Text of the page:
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This question already has an answer here:

I was looking through some code and saw the following notation. I'm somewhat unsure what the three dots mean and what you call them.

void doAction(Object...o);


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marked as duplicate by Andrzej Doyle java Dec 14 '15 at 16:09

This question has been asked before and already has an answer. If those answers do not fully address your question, please ask a new question.

up vote 21 down vote accepted

It means that this method can receive more than one Object as a parameter. To better understating check the following example from here:

The ellipsis (...) identifies a variable number of arguments, and is demonstrated in the following summation method.

static int sum (int ... numbers)
   int total = 0;
   for (int i = 0; i < numbers.length; i++)
        total += numbers [i];
   return total;

Call the summation method with as many comma-delimited integer arguments as you desire -- within the JVM's limits. Some examples: sum (10, 20) and sum (18, 20, 305, 4).

This is very useful since it permits your method to became more abstract. Check also this nice example from SO, were the user takes advantage of the ... notation to make a method to concatenate string arrays in Java.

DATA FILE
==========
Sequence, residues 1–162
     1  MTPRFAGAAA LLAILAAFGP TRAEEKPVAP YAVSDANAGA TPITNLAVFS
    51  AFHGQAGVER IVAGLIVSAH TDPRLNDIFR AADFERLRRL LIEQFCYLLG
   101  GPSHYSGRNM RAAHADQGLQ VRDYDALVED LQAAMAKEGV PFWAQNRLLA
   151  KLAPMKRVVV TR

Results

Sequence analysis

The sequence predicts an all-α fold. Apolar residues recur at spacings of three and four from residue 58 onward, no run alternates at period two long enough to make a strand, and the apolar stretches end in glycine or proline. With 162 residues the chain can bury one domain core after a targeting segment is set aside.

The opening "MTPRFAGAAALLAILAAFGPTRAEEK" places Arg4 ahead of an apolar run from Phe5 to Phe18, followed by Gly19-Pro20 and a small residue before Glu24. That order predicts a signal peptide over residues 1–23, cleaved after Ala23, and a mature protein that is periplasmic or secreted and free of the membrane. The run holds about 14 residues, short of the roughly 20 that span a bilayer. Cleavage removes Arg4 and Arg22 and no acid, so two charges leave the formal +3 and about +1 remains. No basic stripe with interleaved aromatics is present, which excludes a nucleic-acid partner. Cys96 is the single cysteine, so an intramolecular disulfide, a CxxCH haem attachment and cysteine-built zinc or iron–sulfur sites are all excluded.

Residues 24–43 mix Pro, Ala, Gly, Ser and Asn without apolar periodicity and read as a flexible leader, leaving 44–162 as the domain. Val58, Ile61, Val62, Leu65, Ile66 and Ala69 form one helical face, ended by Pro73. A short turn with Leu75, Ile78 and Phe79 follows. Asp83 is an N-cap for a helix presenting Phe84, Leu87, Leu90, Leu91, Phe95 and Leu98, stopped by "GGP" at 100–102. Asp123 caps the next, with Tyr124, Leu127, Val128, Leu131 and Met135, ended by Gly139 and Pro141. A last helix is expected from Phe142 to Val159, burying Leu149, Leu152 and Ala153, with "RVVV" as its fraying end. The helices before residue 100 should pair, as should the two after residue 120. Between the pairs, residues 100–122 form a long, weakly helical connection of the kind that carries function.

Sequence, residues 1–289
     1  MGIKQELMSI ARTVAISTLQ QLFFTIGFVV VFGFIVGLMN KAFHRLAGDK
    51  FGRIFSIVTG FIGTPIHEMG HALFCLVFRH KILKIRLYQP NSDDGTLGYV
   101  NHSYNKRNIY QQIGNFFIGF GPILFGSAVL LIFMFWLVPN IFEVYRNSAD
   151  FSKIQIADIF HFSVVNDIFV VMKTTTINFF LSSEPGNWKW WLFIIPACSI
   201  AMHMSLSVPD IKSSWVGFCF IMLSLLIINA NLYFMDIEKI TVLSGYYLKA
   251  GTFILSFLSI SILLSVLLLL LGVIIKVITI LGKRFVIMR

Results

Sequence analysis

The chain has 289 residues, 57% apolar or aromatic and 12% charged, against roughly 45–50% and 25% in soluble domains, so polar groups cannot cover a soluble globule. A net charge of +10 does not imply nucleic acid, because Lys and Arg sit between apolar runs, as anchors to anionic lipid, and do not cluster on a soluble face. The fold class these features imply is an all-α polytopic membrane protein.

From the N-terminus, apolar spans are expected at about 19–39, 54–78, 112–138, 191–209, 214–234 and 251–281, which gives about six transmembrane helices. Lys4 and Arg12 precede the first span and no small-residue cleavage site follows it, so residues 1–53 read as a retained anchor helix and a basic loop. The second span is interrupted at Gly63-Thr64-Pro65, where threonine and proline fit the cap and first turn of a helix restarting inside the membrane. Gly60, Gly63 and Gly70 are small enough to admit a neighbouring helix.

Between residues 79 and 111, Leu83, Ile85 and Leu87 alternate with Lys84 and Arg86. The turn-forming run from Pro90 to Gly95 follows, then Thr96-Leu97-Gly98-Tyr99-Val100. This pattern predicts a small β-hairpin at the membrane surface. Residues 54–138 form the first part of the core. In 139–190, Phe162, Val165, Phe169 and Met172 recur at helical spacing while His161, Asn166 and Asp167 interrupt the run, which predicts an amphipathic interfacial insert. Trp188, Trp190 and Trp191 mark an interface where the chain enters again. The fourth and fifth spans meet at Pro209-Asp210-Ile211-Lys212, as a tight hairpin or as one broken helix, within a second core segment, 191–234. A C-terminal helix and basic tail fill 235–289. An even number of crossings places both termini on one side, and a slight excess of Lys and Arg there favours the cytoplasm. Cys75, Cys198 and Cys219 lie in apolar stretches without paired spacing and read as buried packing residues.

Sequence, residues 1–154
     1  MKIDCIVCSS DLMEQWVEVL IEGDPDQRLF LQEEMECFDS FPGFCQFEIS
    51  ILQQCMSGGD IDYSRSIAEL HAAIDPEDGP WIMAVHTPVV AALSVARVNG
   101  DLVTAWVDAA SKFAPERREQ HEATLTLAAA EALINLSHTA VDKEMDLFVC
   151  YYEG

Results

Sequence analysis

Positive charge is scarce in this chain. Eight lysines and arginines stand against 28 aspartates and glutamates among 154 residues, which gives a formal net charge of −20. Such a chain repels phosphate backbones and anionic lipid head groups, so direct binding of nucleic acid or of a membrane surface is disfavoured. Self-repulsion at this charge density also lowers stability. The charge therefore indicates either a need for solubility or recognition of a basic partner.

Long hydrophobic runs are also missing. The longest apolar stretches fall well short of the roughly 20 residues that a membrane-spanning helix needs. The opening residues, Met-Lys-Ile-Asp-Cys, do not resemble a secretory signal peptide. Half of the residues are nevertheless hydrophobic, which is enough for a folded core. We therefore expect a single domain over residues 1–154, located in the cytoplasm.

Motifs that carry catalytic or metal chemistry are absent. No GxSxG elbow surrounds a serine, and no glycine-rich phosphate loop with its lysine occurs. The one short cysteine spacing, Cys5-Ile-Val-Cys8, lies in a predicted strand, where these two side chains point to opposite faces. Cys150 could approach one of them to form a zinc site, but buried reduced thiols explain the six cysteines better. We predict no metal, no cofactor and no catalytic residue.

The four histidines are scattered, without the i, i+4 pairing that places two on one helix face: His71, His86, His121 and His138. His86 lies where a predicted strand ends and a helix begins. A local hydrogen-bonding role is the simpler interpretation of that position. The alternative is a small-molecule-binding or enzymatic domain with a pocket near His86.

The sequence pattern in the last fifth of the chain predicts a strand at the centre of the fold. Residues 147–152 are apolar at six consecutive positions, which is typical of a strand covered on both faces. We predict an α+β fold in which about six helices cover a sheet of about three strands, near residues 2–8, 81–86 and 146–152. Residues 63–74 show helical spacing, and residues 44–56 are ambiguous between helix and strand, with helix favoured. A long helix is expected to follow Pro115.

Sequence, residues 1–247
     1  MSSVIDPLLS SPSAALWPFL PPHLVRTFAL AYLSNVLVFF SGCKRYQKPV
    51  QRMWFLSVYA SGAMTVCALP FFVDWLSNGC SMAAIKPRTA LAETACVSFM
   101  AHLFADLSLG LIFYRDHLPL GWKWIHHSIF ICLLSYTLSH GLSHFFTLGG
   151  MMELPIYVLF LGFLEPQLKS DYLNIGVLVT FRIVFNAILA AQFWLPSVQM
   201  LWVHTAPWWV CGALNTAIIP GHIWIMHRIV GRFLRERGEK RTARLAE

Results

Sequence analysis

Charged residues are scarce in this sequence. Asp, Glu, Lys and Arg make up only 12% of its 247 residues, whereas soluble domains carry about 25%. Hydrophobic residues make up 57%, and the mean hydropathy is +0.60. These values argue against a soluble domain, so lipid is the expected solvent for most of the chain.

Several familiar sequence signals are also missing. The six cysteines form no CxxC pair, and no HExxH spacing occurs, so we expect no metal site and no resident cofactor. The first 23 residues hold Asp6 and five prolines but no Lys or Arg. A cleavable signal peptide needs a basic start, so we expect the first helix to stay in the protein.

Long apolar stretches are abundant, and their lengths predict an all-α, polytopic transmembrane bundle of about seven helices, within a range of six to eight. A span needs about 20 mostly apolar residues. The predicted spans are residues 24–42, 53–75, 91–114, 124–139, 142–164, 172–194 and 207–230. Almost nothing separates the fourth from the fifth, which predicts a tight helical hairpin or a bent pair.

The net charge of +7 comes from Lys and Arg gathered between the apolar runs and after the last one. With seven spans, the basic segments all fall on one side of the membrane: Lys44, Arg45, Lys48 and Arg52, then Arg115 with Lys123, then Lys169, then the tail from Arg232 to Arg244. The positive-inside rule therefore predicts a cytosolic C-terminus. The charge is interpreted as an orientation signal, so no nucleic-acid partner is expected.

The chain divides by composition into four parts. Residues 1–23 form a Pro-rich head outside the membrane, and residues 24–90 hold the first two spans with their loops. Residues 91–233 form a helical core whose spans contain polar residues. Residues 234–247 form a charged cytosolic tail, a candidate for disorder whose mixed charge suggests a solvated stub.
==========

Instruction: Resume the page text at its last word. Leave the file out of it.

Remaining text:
Another example from Variable argument method in Java 5

public static void test(int some, String... args) {
        System.out.print("\n" + some);
        for(String arg: args) {
            System.out.print(", " + arg);
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Hi dreamcrash! I was just thinking that an example would be cool to add to your post, as well as what Java version this applies to. I'm stuck on Java 6 due to being on Google's App Engine, but I know the newer Java versions have some pretty cool new features. Hope this helps! :) – jmort253 Dec 2 '12 at 2:50
@jmort253 thanks, I was adding an example :) – dreamcrash Dec 2 '12 at 2:55

It's called VarArgs In this case, it means you can put multiple instances of Object as a parameter to doAction() as many as you wants :

doAction(new Object(), new Object(), new Object());
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I'll write you an example in order to explai what they mean by (...).

You can define a parameter that can accept variable arguments (varargs) in your methods. Following is an example of class Employee, which defines a method daysOffWork that accepts variable arguments:

class Employee { 
   public int daysOffWork(int... days) {
         int daysOff = 0;
         for (int i = 0; i < days.length; i++)
         daysOff += days[i];
         return daysOff;

The ellipsis (...) that follows the data type indicates that the method parameter

days may be passed an array or multiple comma-separated values.

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